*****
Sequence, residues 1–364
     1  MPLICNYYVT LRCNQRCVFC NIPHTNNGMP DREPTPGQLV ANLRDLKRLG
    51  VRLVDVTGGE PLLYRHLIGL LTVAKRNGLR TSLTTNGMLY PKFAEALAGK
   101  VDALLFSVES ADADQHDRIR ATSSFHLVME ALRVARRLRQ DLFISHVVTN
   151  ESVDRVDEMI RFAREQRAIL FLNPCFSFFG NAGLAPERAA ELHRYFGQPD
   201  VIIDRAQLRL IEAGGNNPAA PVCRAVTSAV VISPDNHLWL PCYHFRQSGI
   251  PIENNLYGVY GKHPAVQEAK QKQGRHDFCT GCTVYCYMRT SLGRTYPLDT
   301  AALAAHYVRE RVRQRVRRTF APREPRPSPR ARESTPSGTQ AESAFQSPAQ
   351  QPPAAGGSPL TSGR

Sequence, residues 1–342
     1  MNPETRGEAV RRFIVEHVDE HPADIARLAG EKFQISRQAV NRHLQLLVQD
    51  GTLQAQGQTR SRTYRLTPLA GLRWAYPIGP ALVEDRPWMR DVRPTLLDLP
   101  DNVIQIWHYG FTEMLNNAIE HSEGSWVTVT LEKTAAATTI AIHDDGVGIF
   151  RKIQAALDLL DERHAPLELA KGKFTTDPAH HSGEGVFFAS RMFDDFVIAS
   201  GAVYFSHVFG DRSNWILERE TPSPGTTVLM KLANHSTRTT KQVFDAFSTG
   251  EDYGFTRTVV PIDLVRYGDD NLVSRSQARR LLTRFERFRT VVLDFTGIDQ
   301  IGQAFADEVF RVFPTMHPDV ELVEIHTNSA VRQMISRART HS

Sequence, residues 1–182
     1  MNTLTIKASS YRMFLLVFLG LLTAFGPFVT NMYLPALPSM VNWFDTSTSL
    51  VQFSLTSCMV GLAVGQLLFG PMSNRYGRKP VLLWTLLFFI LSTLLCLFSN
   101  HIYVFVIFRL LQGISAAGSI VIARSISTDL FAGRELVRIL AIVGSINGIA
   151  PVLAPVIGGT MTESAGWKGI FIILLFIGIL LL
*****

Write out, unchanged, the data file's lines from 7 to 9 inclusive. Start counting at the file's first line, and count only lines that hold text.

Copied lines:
   251  PIENNLYGVY GKHPAVQEAK QKQGRHDFCT GCTVYCYMRT SLGRTYPLDT
   301  AALAAHYVRE RVRQRVRRTF APREPRPSPR ARESTPSGTQ AESAFQSPAQ
   351  QPPAAGGSPL TSGR